Fast Your Way to Better Health: Find the fasting style that suits you

The science proving the health benefits of fasting is solid. Studies show that fasting is good for your heart health, it slows the aging process, boosts metabolism, keeps you lean by promoting the creation of growth hormone, and improves your blood sugar metabolism. There are several different styles of intermittent fasting—read on for a review of the various techniques and my thoughts on the right way to go about fasting.

#1 Fasting One to Two Days Per Week

The 5:2 Diet

Popularized by Dr. Michael Mosley, this technique involves eating normally five days a week. For the other two days, you consume only one quarter of your normal caloric intake, or about 500-600 calories a day.

My thoughts:

I think this is the most beneficial method of intermittent fasting, especially when combined with the dietary rules I outline in The Hormone Boost, which include consuming the right amount of protein to ensure preservation of muscle mass five days a week (the formula is 1.6 grams

of protein /kg of body weight). On the fasting days, you should choose protein as the main source of your 500-600 calories. This may look like one meal with four ounces of chicken and a green salad and two protein shakes or meal replacement shakes along with three litres of water or herbal teas. So, on fasting days, no calories should come from fats or carbs in the form of fruit or starchy vegetables, grains or legumes. It’s important to note that some responsibility should be taken for how you eat most other days of the week. Two days of fasting can’t make up for five free-for-all days packed with artificial sweeteners, bad fats, sugar, processed foods, excess carbs and inflammatory foods.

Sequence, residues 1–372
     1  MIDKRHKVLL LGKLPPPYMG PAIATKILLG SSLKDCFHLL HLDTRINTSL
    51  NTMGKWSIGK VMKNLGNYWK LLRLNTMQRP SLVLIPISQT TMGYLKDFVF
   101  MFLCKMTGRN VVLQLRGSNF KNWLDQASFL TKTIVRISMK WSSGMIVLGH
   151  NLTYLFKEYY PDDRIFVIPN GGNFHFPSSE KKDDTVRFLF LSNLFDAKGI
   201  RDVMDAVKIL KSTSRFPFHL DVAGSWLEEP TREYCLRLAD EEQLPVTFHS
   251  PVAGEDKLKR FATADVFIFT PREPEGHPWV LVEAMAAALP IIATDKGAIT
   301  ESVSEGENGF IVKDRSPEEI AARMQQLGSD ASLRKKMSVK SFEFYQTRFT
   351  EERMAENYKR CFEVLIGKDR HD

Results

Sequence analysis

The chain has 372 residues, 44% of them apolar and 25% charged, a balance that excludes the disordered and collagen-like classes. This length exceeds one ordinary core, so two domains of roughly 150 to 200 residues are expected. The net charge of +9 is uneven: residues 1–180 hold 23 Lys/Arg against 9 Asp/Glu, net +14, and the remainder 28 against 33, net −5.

The Eat-Stop-Eat Method

This works by fasting from 5 p.m. one day to 5 p.m. the following day, twice a week.

My thoughts:

I am not opposed to this fasting style, and often recommend it to people who work night shift or to personal trainers by suggesting they have one meal early in the morning and then fast until the following morning. During your cleanse day, you should drink at least three to four litres of warm or cold herbal teas to support the cleansing process. I recommend a combination of herbs with anti-inflammatory and diuretic effects such as ginger, lemon, blueberry, hibiscus, dandelion, green tea and parsley. Alternatively, you can use an intermittent fasting support like Clear Cleanse mixed into four litres of water to drink throughout the day. I like combining this with at least one serving of green vegetables served with lean protein like egg whites or organic chicken, shrimp or scallops or one protein shake if hunger is an issue.

Takeaway:

I am not against either of these approaches one to two days a week, but only when the minimal amount of protein to prevent muscle loss is consumed on the other five to six days. If you are muscle deficient or under stress, the 5:2 approach is best. Also, one to two days per week fasting styles are my preference when it comes to fasting for weight loss, as they target fat loss versus muscle loss, without causing metabolic stress or hormone disruption.

#2 Ongoing or Daily Fasting